Peter Gabriel is back from a 10 year absense and has released a new album Up. While Gabriel himself is pretty far down the pipeline in so far as relevant artists go, he has found some interesting ways to make this release more significant than most.

For starters this is (supposedly) the first ever album recorded in 5.1 surround sound. Audio media up to and including the Compact Disc only have two channels to work with but newer media encompasses more. The new formats DVD Audio and Super Audio CD both have the ability to do (at least) 5.1 surround sound and while some existing titles have been remastered, reprocessed and rereleased in 5.1, Up is (supposedly) the first to be produced and recorded with 5.1 in mind. Of course the regular CD version only has the two channels.

The other new concept that can handle 5.1 surround sound is, oddly enough, Windows Media Player 9 Series, currently in beta. Of course few people own 5.1 capable PC setups but Microsoft is hoping that they can spur on the notion by providing the content for the need in hardware. They currently feature the album as a free download with digital rights management (DRM). Most people cringe when they hear DRM and with good reason – it basically controls how you’re able to use and handle files on your own PC. Picture if you will that you download an MP3 and then when you give it to your friend, (s)he is unable to play it. Neither can you, if you have to reformat your hard drive. However, I’ve downloaded and investigated this release and while I can’t see it right now becoming the norm, I do see a lot of concession to people’s wants. You download the file and after a short song and dance you can start playing it. You see images, links, lyrics – it’s nice. This particular release lets you play it until the cows come home – for two weeks. After two weeks you’re unable to listen to it unless you pay for it. Sure, it’s not MP3 so you can’t give the files to anyone and I’m not sure what if any logistics regarding backing up the files are but you can transfer the album to a portable device if your device supports Windows Media (and apparently a growing number do) and – the part I found most interesting – you can burn the music you buy to a CD. This feature alone is something none of the “sanctioned” download services offer (as far as I know). Sure, this isn’t going to “solve” the problem with P2P and piracy, but for those that claim to download music only to see if you like it before buying it – now you can put your money where your mouth is.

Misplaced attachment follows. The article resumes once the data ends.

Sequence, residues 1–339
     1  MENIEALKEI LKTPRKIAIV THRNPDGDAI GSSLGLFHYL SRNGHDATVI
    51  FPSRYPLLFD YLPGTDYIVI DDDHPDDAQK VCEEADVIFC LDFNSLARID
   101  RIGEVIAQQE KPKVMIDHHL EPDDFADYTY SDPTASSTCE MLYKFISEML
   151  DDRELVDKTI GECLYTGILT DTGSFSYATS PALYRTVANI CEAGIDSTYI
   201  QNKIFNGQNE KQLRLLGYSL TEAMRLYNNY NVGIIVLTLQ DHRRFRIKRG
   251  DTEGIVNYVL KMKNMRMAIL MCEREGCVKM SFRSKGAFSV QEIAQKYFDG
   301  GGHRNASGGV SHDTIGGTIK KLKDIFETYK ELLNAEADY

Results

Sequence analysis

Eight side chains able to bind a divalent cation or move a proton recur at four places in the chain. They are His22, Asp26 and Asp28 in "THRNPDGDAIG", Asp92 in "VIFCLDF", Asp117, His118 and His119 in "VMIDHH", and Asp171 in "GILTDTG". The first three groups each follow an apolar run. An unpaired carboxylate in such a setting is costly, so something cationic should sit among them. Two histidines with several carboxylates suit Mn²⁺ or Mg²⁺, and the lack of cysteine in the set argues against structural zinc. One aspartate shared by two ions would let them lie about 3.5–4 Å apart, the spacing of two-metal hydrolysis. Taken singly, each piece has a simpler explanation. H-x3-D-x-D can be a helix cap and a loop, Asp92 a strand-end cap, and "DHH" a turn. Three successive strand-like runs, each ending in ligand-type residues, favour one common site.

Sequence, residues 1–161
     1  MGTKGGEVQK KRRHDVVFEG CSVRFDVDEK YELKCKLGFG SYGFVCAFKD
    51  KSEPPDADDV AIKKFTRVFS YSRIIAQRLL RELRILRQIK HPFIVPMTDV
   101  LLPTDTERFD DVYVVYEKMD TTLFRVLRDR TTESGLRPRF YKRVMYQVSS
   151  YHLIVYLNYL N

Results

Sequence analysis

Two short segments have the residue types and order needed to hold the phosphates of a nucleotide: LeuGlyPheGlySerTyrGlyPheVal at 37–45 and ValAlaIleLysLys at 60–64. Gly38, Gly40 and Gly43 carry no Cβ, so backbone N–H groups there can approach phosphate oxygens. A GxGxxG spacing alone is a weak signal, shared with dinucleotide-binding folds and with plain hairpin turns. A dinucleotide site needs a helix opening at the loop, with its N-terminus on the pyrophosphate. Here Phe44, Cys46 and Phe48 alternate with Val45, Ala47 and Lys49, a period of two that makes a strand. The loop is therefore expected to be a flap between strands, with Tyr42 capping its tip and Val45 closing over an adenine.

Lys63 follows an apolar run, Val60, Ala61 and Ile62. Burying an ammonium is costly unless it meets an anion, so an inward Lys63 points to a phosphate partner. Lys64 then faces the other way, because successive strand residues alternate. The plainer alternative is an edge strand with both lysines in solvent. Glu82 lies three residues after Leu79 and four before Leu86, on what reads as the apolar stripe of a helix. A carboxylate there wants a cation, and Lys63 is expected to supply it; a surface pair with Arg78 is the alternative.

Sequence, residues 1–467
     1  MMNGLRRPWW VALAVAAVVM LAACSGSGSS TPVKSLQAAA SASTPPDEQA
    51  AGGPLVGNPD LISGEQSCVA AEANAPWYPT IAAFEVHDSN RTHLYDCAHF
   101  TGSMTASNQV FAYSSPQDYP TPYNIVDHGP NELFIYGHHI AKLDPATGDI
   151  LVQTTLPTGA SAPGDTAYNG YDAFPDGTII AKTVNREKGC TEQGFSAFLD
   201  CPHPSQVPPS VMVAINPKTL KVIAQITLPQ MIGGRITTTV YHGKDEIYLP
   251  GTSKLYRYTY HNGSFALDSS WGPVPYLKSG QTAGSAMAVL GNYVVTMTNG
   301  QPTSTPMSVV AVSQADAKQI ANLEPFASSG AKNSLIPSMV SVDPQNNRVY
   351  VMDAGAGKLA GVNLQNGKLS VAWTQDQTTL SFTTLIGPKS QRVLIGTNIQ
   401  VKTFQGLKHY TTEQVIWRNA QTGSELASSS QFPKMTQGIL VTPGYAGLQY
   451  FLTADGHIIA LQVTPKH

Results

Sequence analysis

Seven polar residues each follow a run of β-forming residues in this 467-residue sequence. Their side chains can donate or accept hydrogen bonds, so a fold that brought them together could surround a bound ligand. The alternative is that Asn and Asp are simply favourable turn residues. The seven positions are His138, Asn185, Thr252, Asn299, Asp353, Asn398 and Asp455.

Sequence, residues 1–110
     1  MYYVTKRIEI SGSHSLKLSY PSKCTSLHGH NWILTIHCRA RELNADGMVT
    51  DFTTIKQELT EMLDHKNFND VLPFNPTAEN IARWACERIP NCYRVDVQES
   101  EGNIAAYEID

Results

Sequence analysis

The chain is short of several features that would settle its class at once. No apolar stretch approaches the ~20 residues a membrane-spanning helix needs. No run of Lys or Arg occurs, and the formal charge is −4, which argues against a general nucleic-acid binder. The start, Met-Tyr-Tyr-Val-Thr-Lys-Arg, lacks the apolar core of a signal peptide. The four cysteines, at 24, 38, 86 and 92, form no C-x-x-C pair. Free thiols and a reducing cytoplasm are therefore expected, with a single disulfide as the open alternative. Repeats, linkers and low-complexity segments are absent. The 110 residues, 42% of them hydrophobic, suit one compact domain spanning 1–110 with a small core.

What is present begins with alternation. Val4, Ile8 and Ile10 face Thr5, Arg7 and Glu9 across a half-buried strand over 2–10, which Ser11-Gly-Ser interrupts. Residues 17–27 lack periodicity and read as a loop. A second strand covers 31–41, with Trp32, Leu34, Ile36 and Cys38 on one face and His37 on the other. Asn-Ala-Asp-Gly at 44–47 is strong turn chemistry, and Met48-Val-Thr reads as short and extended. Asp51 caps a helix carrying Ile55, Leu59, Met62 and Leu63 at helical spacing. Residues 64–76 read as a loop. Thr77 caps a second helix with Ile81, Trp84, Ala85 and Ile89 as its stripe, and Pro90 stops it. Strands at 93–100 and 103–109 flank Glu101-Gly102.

So, given the fact that this is one of the most technologically advanced music releases in recent memory, I know what I’m going to do. I’m going to buy Up on vinyl.